So, is a guide for you? One of my biggest takeaways was this: even as ‘non-tour’ people, we sometimes need to take a step back and realize that groups are okay, and in the right conditions — when done properly! — they can actually add a lot to your travel experience. We have a tendency to roll our eyes at tour groups but this trip was a good lesson for us: Not all tours are created equal. Do your research and find one that fits your style and one that will allow you to enjoy your journey in the Middle East without stressing about logistics.
What I wouldn’t do? Plain and simple: If we were to go back, I would have opted not to go on the big group tour. I would have instead based myself in Northern Israel somewhere and used Abraham Tours or a similar operator to mix some day tours with my own planned itinerary (think wine tasting in the Golan Heights and doing the Jesus Trail in Nazareth). There are some people who love traveling with tour groups (safety, plus not ‘worrying’ about crafting an itinerary), but for anyone that enjoys some independence, planning, and cultural immersion, this is pretty much the antithesis of what you want. Again, I loved most of the people we traveled with, but I will never book a tour again. Ever.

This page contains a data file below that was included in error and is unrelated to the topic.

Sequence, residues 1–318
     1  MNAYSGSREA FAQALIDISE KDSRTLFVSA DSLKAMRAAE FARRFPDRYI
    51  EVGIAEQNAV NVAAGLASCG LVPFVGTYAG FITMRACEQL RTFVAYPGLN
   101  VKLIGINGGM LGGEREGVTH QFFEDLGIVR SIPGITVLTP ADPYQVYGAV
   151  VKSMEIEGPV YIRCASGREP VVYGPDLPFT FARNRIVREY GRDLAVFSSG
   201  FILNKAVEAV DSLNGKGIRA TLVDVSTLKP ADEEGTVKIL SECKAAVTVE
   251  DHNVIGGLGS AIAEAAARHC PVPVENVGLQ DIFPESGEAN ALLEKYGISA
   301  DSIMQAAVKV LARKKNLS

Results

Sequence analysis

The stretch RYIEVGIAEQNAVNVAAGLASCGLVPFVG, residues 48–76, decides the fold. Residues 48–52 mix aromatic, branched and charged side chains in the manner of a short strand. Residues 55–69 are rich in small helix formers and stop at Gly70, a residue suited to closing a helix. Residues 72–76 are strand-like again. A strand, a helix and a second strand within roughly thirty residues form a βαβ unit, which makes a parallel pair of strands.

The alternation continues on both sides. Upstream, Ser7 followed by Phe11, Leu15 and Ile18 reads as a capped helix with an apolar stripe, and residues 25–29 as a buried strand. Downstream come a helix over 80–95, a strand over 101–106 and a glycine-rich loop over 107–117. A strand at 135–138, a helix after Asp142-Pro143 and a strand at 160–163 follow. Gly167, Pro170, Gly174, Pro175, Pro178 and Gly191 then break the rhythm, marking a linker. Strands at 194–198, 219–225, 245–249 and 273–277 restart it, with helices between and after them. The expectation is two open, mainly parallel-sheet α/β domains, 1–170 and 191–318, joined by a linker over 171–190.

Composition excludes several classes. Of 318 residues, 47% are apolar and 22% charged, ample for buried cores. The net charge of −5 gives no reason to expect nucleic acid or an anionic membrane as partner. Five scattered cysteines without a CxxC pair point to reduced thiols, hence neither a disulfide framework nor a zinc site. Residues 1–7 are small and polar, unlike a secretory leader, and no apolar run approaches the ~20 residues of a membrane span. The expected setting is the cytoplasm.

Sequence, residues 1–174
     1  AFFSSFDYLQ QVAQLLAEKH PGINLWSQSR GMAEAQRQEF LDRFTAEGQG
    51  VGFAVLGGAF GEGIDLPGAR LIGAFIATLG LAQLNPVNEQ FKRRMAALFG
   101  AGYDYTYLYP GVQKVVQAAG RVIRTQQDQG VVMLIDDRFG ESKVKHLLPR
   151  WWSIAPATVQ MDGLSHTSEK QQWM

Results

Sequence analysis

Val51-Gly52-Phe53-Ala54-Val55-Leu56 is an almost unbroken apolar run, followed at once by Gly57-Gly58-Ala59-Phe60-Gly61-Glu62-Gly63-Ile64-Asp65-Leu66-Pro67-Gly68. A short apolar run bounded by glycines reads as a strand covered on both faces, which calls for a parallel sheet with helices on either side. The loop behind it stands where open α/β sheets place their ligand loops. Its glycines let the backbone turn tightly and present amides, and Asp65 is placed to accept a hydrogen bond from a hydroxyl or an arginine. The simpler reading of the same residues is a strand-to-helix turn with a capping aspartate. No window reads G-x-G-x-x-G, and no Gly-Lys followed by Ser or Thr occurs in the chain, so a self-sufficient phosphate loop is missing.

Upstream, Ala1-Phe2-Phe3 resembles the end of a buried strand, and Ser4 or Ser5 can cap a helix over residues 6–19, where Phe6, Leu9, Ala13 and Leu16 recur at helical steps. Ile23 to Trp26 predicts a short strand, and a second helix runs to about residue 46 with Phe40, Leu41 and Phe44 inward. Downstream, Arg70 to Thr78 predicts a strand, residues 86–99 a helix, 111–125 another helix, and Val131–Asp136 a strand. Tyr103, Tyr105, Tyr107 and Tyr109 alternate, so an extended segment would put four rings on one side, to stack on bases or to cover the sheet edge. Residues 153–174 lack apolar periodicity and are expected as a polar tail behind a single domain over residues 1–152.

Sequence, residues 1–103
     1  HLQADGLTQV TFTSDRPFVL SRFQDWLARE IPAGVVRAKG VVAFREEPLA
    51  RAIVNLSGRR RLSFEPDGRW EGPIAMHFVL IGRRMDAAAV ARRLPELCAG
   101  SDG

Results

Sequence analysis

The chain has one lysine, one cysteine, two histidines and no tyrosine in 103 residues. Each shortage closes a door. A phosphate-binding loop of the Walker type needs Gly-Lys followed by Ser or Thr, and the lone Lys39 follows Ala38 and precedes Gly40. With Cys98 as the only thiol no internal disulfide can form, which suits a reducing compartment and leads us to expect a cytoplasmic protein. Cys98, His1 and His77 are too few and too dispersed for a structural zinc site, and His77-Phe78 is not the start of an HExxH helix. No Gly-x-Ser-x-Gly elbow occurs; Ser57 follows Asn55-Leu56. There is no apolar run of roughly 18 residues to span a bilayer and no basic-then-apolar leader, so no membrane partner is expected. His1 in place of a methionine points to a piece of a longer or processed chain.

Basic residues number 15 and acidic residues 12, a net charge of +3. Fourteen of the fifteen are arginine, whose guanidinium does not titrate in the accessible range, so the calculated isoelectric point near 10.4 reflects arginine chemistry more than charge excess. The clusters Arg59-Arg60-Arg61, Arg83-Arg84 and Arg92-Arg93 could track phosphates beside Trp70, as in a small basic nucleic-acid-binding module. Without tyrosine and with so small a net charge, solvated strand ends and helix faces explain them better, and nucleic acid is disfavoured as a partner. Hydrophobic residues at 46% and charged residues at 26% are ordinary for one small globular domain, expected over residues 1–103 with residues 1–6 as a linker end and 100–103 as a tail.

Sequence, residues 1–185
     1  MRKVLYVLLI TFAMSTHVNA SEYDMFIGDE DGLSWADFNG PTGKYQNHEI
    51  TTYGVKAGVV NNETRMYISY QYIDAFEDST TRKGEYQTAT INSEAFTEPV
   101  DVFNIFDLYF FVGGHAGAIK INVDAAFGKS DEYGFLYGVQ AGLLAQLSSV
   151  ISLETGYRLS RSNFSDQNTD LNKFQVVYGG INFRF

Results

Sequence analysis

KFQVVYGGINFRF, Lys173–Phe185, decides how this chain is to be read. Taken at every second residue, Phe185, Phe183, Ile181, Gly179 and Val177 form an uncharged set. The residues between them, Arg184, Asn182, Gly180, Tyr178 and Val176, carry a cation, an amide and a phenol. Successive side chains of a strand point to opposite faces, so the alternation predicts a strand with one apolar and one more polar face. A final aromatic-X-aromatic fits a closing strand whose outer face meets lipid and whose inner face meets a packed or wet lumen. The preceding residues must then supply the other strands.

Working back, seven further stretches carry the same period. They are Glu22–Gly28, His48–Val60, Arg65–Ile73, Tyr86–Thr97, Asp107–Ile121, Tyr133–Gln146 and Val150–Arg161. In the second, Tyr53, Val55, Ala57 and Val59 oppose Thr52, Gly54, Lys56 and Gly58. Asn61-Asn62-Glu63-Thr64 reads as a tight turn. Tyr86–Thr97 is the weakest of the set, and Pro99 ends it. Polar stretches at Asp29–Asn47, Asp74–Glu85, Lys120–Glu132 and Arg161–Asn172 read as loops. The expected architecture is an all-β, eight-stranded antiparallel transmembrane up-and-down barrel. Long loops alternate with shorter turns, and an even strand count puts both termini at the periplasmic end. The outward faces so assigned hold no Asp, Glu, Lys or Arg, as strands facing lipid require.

Have you visited Israel? Did you go with a group or do any tours while you were in the region?